Ten minutes into the third quarter, the first of the Collingwood fans start to leave, while the rest enjoy just their second goal of the match. It can’t go on like this, can it? Cunningham’s greedy up front. Hanners is on the board and then off the ground. Buddy’s feeding on crumbs while Mitchell kicks the goals. It’s one of those magical nights when everything falls into place. Parker is everywhere. Tippett and Kennedy look like Lade and Burgoyne. Why? squabbles the Cob in full voice when Buddy’s bag is stolen by a crazy Collingwood free in the last. He turns to me surprised: I’ve had a quiet night!

 

The game never peters. It strides. All the way to the finish. Speed looks ok; the outs were not missed; the suspect forward line is full of love; and the kids look quite alright.

 

If preseason is like paddling around the park on training wheels enjoying freedom and movement, the start of the season proper is that first push-off sans fallback, that starting moment when the force on the pedal must be emphatic enough to find balance rather than fall. It can be a very fine line. Maybe the debutants are still young and unmarked enough to remember the risk afforded by support. And the olds are cherry ripe experienced to know how hard to push. That’s how it felt on Saturday night—perfectly balanced—and the ride was a joy!

 

We know how good this is. Not just because it’s Eddie’s men, not just cause the family’s back together, but because we’re up and away, in the best possible way. Shoulder to shoulder in Row U with the final siren sounded on an 80 point margin and the banjo about to hit its straps, the Cob and I wonder just what the future might hold, just what might be grown in our home soil on a foundation of lifeless magpie.

 

 

About Mathilde de Hauteclocque

Swans member since 2000, Mathilde likes to wile away her winters in the O'Reilly stand with 'the boys', flicking through the Record and waiting to see the half backs drive an explosive forward movement. She lives in Sydney and raises a thirteen year old Cygnet.

Comments

  1. Peter Flynn says

    Hilarious change of headline from the Swans website Old Mate. Turned the AFL app on last Saturday night and couldn’t believe the score. Your boys may have regenerated and caught the comp napping. Wraps on Papley et al. Great read as per usual. I’m sure the Cob has a copy of Cayley’s What Bird is That?

  2. Super read.

  3. Like the new season upon us, it’s good to have you back Mathilde writing on footy. Might have to skip your report next week however.

  4. Mathilde de Hauteclocque says

    I leave all titles to the subeditors, Flynny. I believe that one belongs to JTH. We have six or seven bird volumes. And the Cob’s a walking encyclopaedia himself. Give him the faintest call from deep bush and he’ll narrow it down to two options.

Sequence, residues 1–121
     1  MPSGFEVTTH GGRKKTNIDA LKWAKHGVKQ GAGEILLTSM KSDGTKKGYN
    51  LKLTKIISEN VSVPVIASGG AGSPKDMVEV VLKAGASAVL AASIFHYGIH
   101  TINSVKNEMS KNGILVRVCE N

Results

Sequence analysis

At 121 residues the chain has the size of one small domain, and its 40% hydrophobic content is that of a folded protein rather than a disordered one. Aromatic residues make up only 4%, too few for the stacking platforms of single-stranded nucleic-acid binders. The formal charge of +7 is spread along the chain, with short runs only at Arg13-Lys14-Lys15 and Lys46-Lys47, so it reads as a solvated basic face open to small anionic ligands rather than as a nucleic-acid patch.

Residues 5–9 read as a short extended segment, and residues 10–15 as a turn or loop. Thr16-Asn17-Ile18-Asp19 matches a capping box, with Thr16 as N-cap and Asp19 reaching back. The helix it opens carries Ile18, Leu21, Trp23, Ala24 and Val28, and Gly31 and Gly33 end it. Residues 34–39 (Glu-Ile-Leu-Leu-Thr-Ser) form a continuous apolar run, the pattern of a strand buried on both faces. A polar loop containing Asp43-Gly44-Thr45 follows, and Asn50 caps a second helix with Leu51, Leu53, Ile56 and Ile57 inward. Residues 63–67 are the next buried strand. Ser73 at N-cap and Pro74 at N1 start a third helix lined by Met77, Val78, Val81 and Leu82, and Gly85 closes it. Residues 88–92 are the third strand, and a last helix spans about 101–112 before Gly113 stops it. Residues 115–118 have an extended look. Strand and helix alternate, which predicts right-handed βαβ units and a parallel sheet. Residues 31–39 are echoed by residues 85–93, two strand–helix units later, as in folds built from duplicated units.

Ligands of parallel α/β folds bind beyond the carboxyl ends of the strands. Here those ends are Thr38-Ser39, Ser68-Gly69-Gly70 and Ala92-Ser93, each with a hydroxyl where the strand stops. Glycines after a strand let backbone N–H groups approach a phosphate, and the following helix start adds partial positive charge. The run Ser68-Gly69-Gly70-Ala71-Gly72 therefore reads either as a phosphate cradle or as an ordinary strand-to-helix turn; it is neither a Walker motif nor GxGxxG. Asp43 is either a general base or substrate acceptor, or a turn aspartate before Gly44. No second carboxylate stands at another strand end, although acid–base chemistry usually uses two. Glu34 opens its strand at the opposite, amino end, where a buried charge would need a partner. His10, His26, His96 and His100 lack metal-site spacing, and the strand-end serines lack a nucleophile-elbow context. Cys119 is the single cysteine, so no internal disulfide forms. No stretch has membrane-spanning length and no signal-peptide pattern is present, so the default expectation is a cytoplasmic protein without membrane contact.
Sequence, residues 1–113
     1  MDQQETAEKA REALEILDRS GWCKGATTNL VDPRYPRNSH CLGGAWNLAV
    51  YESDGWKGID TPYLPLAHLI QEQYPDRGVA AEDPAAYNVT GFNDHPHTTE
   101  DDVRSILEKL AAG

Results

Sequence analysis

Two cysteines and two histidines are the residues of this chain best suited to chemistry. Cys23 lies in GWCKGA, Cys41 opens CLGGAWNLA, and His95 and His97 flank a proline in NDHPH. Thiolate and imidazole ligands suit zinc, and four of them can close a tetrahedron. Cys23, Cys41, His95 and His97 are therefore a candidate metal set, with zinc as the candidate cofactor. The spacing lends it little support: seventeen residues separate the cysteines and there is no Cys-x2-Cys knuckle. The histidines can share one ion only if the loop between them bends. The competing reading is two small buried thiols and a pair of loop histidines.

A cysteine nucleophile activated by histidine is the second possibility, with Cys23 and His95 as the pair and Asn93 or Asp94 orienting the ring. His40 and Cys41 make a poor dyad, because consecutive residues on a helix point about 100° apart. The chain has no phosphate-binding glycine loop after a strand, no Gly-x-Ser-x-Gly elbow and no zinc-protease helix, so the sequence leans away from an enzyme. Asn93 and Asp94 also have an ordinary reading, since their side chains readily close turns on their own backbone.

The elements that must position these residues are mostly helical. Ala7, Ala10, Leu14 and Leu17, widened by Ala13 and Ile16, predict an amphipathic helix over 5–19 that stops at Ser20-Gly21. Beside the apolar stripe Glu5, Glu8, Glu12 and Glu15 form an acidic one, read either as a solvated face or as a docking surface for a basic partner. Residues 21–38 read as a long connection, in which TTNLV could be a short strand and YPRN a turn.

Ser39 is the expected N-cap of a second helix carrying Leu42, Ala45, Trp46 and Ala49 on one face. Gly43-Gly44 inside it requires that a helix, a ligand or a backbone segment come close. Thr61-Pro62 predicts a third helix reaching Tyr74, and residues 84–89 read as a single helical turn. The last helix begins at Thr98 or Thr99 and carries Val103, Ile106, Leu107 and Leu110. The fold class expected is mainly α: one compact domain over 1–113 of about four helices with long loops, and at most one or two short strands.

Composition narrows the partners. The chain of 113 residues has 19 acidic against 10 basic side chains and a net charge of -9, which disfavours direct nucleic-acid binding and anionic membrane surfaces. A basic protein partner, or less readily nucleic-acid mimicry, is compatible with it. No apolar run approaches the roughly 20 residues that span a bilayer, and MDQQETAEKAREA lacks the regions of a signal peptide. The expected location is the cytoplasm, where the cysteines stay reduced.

Thanks Oatsy.
    Blues don’t look half bad DJL. But I’m not talking about it til next week …

  5. Mathilde I was sitting around a camp fire enjoying a cold beer. Someone got their phone out and checked the footy scores:

    “Swans are beating Collingwood by 50 points” was the report. It was a wonderfully relaxed and enjoyable evening thereafter.

  6. Phillip Dimitriadis says

    Pie fans started leaving early in the 3rd quarter? They must have been the stoics, Mathilde.
    Grand night for the Red and White. Like the look of Heeney and Buddy overcoming his blues is a story that got lost among all the negativity.
    Cheer Cheer…

  7. Interesting about the magpie you found dead last Thursday. About three weeks ago one of our dogs collided with a low-flying one. It was stunned at first, but we found it dead later the following afternoon. My wife and I were pondering at half time if it was a sign.

    Have to say we were both stunned and delighted at half time. Stunned that Collingwood were playing so badly and delighted that they were doing so. The match did bring out the sadistic streak in me because how many times have Collingwood wiped the park with us? It was about time we got to return the favour!

    The drugs story did incluence some of the commentary from the crowd. Some wit sang out “You’ve lost the game, but you’ll score at the after party!” When Alex Fasolo came off after his head clash my contribution was “They’rextaking him off for some ‘special’ medicine. ‘Wink-wink,’ ‘Nudge-nudge,’ say no more!”

    If the new blokes keep firing like they did on Saturday night then the future’re looking bright indeed.

  8. Ross Treverton says

    Great to have you back Mathilde. I read the countless expert opinions over the summer months about the imminent demise of the Swans. The first time l can remember it happening was in 1995 ( we were genuinely poor and without promise before that) so that makes it the 21 st anniversary of pre-season negativity by our journalist friends- all of which have been proven incorrect. Many happy returns! Forgive this old South Melbourne supporter, but amongst all the highlights from Saturday night, watching another Papley (albeit 50 years apart) strut his stuff, was true happiness. Go you bloodstained Angels!

Leave a Comment

*